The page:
Navigation Links
RNA build-up linked to dementia and motor neuron disease

A new toxic entity associated with genetically inherited forms of dementia and motor neuron disease has been identified by scientists at the UCL Institute of Neurology. The toxin is the result of a genetic mutation that leads to the production of RNA molecules which could be responsible for the diseases. The findings are published in the journal Acta Neuropathologica.

Frontotemporal dementia and motor neuron disease are related neurodegenerative diseases that affect approximately 15,000 people in the UK. Frontotemporal dementia causes profound personality and behaviour changes. Motor neuron disease leads to muscle weakness and eventual paralysis.

The most common known cause for both frontotemporal dementia and motor neuron disease is an unusual genetic mutation in the C9orf72 gene. The mutation involves a small string of DNA letters at the beginning of the gene, which expand massively to produce thousands of copies.

The new research, funded by Alzheimer's Research UK and the Medical Research Council, has shown that this DNA expansion acts in a peculiar way, leading to the generation of unexpected RNA molecules that could cause the disease.

When a gene is turned on, an RNA copy of the gene's DNA is generated. The gene's DNA code has directionality, so that it is normally turned on in only one direction, termed the 'sense direction'. The new research shows that the DNA expansion is turned on in both directions.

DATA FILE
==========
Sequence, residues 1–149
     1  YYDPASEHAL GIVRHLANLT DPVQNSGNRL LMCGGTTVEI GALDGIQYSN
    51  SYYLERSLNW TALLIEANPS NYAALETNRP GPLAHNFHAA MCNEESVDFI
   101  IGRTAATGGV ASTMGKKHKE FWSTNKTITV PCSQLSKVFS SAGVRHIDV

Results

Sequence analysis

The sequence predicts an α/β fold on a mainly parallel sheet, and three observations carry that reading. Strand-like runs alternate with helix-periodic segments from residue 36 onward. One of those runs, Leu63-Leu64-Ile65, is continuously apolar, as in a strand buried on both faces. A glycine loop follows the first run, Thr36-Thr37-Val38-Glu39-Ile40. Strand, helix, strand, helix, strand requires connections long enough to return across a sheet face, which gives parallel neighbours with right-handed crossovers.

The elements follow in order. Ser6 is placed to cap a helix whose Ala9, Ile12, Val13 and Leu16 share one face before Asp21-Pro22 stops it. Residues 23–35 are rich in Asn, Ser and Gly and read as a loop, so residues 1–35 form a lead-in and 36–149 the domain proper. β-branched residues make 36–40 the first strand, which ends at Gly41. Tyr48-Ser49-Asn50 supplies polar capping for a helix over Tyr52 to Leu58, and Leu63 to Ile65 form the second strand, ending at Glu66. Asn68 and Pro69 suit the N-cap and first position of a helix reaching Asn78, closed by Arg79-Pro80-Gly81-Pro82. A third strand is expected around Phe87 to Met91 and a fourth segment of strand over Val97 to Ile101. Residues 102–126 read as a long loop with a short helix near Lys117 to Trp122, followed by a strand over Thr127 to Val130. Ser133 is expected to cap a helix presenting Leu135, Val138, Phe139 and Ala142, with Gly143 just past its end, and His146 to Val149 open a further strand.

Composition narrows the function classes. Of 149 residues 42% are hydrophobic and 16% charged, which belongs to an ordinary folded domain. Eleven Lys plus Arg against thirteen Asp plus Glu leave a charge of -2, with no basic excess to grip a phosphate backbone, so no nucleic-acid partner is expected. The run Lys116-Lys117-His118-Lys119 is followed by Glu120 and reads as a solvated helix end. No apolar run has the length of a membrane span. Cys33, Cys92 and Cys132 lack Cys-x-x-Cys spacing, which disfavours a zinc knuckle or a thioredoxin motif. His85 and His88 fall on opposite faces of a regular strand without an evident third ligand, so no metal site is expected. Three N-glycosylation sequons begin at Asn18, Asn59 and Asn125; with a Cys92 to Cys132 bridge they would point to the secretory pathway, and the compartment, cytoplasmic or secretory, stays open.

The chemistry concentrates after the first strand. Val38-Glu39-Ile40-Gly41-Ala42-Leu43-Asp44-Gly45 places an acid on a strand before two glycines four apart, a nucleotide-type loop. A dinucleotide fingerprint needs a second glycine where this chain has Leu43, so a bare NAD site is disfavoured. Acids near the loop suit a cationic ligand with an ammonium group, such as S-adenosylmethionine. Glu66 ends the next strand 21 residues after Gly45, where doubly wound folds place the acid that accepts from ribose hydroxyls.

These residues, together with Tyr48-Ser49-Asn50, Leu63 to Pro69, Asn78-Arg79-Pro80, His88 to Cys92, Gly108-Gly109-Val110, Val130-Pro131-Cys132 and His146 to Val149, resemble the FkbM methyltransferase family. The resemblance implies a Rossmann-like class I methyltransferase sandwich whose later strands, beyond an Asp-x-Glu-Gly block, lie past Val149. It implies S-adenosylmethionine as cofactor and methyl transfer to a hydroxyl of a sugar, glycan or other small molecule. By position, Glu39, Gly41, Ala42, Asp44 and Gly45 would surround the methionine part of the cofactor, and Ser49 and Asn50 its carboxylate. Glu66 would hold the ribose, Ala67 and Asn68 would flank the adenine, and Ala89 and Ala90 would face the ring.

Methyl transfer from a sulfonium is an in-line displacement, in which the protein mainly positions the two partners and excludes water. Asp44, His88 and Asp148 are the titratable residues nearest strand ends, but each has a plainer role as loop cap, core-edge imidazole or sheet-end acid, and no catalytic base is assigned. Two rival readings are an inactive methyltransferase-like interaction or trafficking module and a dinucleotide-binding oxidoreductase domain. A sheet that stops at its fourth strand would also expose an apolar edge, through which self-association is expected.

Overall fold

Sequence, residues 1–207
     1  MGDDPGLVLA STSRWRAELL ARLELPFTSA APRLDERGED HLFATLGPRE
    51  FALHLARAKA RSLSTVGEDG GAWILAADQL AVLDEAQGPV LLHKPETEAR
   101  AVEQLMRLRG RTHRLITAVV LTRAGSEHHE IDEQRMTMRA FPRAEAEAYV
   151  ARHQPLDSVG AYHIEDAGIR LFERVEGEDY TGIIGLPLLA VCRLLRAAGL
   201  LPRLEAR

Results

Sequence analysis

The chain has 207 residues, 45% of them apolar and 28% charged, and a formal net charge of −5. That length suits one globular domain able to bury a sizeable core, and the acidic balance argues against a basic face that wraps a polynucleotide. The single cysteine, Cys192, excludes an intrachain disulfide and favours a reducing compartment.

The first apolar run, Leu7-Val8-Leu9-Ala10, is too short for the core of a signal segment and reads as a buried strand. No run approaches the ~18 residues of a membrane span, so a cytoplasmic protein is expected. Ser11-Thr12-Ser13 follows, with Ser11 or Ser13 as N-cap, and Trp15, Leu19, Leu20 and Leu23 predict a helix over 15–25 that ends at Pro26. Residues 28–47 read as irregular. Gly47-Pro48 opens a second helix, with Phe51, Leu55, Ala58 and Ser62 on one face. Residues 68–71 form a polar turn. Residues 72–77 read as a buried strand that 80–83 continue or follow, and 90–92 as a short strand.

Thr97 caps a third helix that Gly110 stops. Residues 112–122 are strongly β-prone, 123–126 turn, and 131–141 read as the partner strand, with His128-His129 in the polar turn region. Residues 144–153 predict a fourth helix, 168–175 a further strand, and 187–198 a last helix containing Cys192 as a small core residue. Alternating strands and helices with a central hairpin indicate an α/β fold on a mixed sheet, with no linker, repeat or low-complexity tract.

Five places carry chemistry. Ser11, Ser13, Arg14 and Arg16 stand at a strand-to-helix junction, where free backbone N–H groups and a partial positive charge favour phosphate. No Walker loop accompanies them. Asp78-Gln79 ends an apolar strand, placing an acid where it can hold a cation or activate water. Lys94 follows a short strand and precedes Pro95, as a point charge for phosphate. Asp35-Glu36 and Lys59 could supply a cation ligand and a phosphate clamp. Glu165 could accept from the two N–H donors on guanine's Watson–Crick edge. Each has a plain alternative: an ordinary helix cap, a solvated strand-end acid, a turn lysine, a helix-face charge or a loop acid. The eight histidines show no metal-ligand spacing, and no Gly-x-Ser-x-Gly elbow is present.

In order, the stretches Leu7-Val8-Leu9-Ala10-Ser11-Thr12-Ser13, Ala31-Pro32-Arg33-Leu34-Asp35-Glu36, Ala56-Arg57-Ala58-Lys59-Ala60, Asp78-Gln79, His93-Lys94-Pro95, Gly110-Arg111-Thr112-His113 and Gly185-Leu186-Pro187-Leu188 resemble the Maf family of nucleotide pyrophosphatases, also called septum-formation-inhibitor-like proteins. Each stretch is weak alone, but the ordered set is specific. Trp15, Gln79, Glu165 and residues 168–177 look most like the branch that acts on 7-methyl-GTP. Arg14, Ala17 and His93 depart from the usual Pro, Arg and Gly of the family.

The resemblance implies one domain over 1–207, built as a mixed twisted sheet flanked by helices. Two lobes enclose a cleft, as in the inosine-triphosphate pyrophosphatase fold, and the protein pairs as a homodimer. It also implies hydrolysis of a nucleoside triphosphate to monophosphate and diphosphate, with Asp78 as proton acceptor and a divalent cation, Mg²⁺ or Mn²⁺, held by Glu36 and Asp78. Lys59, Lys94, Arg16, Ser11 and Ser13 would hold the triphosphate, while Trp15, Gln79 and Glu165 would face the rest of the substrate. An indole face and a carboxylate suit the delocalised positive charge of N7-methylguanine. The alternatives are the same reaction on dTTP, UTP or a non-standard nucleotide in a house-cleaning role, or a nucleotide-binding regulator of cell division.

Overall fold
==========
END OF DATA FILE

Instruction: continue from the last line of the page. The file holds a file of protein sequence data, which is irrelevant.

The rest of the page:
This leads to the normal sense RNA being produced, as well as RNA in the opposite direction, termed 'antisense RNA'. Both RNA types accumulate into aggregates in the neurons of people with frontotemporal dementia.

Intriguingly, the research showed that people with more of these aggregates in their brains developed the disease earlier than people with less RNA aggregates. This correlation suggests that the build-up may be important in causing frontotemporal dementia and motor neuron disease, making the C9orf72 DNA expansion a potential target for therapy.

Dr Adrian Isaacs, lead researcher at the UCL Institute of Neurology, said: ""These findings identify new, potentially toxic molecules in diseases caused by DNA expansions. The next steps will be to determine how they might kill neurons and how to stop them building up."

Dr Simon Ridley, Head of Research at Alzheimer's Research UK, the UK's leading dementia research charity, said: "The discovery of the C9ORF72 gene was a major step forward for research into frontotemporal dementia and motor neuron disease, and it's positive to see researchers beginning to untangle how this gene may cause these diseases in some people.

"Alzheimer's Research UK is delighted to have supported this promising study. By unravelling some of the biological mechanisms at play, this research could take us further on the road to new treatments that are so desperately needed by the thousands of people with these devastating diseases. For these results to reach their full potential it's vital that we continue to invest in research."